The Minister must, in deciding whether or not to give a direction, consider any representations. Where the Minister proceeds to issue a direction, the board must comply with that direction. The Minister is also required to publish the direction on the Department's website not later than 14 days from the date of issue. The board must confirm in writing to the Minister when it has complied with the direction and the Minister, on being satisfied that a direction has been complied with, must publish a notice to that effect on the Department's website. The Minister must also give notice in writing to the board and the patron that the Minister is satisfied that the direction has been complied with.
I will move now to the other sections of the Bill. Section 3 provides for the amendment of section 2 of the Act of 1998 by inserting definitions for "charter" and "charter guidelines". Section 4 provides for the amendment of section 9 of the Act of 1998. Section 9 of the Act of 1998 sets out the various statutory functions of a school. In line with the purpose and aims of this Bill, two new important functions of a school are being inserted by section 4. These are to promote the involvement of students and their parents in the provision of education to students, and to ensure the implementation of the charter.
Section 5 provides for the amendment of section 20 of the Act of 1998. Section 20 currently refers to procedures for informing parents, but not students, of matters relating to the operation and performance of the school. It is being amended to link those procedures to the charter guidelines and to provide that both students and parents are referred to in section 20.
Similar to section 5, section 6 provides for the amendment of section 21 of the Act of 1998. Section 21 of the Education Act 1998 concerns the school plan and is being amended to ensure that the arrangements for the preparation of a school plan referred to in that section must comply with any applicable charter guidelines in respect of same.
Section 7 provides for the amendment of section 27 of the Act of 1998. Section 27(1) requires schools to have procedures for informing students about the activities of the school. It is being amended to ensure those procedures comply with any charter guidelines in respect of same and to provide that both students and parents are referred to in this provision. Section 27(1) currently refers to procedures for informing students, but not parents, about activities of the school.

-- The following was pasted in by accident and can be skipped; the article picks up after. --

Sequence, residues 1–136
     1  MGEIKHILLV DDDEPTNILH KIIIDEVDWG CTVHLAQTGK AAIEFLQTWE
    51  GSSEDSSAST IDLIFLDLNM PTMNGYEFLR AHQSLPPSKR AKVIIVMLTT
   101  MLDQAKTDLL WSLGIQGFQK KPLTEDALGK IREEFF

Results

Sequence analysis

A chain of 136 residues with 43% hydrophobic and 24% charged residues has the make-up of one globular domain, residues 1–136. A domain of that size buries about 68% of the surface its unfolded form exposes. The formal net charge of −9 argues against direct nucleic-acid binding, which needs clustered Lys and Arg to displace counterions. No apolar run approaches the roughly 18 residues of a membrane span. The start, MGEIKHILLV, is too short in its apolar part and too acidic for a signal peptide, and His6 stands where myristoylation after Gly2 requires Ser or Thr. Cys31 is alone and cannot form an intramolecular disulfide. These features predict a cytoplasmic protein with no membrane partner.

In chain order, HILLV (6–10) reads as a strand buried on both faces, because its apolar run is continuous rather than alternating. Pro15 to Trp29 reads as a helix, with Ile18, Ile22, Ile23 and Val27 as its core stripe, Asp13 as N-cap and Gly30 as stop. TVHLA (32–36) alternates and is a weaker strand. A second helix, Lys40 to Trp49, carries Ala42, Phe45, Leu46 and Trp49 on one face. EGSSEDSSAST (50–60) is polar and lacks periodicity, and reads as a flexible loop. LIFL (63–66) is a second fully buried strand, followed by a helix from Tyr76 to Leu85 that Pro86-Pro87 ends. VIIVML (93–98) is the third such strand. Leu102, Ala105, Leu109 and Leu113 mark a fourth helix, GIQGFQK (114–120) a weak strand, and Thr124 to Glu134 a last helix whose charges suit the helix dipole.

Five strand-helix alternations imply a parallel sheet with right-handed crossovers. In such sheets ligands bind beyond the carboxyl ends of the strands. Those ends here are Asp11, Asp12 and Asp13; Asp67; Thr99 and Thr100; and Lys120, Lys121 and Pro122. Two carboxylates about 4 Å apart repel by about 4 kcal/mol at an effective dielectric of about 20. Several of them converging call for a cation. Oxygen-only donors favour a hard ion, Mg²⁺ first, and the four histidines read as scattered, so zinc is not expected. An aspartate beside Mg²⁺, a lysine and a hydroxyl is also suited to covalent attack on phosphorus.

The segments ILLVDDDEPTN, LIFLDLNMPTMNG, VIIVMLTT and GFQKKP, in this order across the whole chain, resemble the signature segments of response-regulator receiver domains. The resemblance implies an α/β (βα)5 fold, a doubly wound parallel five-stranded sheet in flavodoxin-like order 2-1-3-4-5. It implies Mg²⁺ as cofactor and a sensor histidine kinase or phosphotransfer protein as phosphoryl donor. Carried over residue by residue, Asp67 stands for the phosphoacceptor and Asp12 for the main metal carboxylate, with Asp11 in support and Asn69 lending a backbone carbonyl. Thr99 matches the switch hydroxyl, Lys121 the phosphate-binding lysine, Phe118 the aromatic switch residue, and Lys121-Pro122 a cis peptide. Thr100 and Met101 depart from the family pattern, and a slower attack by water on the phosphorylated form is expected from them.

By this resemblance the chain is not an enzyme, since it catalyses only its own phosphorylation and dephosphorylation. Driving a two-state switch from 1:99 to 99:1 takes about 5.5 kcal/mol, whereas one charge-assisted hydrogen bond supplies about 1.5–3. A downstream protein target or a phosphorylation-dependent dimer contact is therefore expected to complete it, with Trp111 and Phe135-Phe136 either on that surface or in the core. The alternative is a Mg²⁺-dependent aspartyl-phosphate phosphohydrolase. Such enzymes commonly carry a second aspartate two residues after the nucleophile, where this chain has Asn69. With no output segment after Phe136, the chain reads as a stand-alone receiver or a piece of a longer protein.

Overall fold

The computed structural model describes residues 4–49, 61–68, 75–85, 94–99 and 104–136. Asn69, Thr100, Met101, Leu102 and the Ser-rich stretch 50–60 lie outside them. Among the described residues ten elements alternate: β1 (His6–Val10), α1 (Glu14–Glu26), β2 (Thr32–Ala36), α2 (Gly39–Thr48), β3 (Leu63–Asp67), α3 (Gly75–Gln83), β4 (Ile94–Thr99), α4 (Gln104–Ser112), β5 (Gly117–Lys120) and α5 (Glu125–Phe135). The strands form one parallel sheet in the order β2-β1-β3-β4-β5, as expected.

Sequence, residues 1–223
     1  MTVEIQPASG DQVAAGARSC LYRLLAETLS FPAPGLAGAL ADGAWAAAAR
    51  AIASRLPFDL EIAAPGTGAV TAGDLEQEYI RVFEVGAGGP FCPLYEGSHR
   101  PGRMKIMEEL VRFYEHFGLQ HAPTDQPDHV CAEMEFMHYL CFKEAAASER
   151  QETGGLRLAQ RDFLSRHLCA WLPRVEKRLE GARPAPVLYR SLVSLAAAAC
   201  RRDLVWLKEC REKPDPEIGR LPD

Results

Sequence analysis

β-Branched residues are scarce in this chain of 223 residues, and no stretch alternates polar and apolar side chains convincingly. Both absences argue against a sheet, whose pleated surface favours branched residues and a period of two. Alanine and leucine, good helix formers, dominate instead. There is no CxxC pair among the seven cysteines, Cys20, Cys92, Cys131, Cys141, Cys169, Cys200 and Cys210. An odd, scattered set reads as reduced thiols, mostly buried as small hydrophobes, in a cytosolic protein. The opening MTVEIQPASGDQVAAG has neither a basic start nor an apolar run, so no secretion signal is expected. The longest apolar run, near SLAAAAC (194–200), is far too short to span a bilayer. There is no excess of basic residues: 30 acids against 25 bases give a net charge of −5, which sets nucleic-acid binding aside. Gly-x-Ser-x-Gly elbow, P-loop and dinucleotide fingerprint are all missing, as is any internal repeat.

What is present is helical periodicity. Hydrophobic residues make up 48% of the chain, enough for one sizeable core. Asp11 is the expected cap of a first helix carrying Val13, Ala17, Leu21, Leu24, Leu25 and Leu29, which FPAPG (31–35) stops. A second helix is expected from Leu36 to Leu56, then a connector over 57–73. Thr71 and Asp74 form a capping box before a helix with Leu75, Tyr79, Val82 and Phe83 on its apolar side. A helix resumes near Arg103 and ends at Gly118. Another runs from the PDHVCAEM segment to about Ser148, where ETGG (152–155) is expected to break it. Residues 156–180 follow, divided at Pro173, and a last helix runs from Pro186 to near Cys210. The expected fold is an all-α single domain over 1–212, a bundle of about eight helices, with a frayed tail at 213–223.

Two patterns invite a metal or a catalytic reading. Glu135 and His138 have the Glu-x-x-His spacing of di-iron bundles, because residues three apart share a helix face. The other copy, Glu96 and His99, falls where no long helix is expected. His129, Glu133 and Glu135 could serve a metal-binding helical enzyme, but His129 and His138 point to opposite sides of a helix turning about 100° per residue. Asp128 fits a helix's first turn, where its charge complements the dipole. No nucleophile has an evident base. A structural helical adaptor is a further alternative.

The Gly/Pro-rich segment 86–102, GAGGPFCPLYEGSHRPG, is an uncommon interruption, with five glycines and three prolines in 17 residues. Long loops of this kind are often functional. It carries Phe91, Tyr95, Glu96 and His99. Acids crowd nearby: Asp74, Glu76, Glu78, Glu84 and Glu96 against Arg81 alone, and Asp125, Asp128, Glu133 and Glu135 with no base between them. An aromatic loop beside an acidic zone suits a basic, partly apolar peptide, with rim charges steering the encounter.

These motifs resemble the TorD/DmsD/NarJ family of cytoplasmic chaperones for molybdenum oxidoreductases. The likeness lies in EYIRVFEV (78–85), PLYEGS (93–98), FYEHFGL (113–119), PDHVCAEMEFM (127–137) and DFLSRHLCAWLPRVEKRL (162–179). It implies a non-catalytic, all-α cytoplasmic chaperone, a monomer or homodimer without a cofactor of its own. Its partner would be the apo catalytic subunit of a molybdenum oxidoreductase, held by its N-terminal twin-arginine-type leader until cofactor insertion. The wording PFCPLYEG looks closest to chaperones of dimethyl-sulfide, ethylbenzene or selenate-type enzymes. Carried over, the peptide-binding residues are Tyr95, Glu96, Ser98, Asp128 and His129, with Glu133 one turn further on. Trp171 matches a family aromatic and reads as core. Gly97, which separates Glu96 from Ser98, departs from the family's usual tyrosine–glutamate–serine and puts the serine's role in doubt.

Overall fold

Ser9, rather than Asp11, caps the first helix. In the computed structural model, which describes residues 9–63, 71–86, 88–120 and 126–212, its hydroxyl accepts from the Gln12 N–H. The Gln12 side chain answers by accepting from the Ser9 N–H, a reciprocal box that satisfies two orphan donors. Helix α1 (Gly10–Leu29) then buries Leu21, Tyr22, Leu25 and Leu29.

Section 7 also amends section 27(4) which concerns the role of a student council. The amendment changes the requirement on a student council from one of promoting the interest of the school to a requirement to promote the interest of the students of the school having regard to the characteristic spirit and policies of the school and the charter.
Section 8 provides for replacement of the existing section 28 of the Act of 1998. The existing section 28 of the Education Act 1998 is replaced with a new section 28. The new section 28 is designed to work in tandem with the other charter-related provisions in the Bill. Together, these provisions will ensure that all schools will be required to have and to implement standardised grievance procedures that will be set out in the national charter guidelines following consultation with the education partners. This new section 28 provides that these grievance procedures must provide for matters such as: the requirements to be complied with by the school and the student or parent concerned in relation to the grievance process; the investigation of grievances in a manner appropriate to the nature of the grievance, whether by informal or formal means or both; the resolution of grievances, formally or informally; the giving of reasons for its decisions on grievances; and the implementation of decisions and any remedial action required.
Section 9 is a technical amendment and provides for the amendment of section 42 of the Teaching Council Act 2001 to update an existing cross reference in that Act to section 28 of the Education Act 1998, replacing it with reference to the grievance procedures provided for under this Bill.
Similar to section 9, section 10 provides for a technical amendment of section 9 of the Ombudsman for Children Act 2002 to update an existing cross reference in that Act to section 28 of the Education Act 1998.
The final section of the Bill, section 11, is a standard provision to provide for the Short Title, commencement and collective citation of the Education Acts. The Bill is important legislation to improve radically the experiences of students and parents in their engagement with schools. I look forward to hearing the views of Members on this important Bill, which I commend to the House.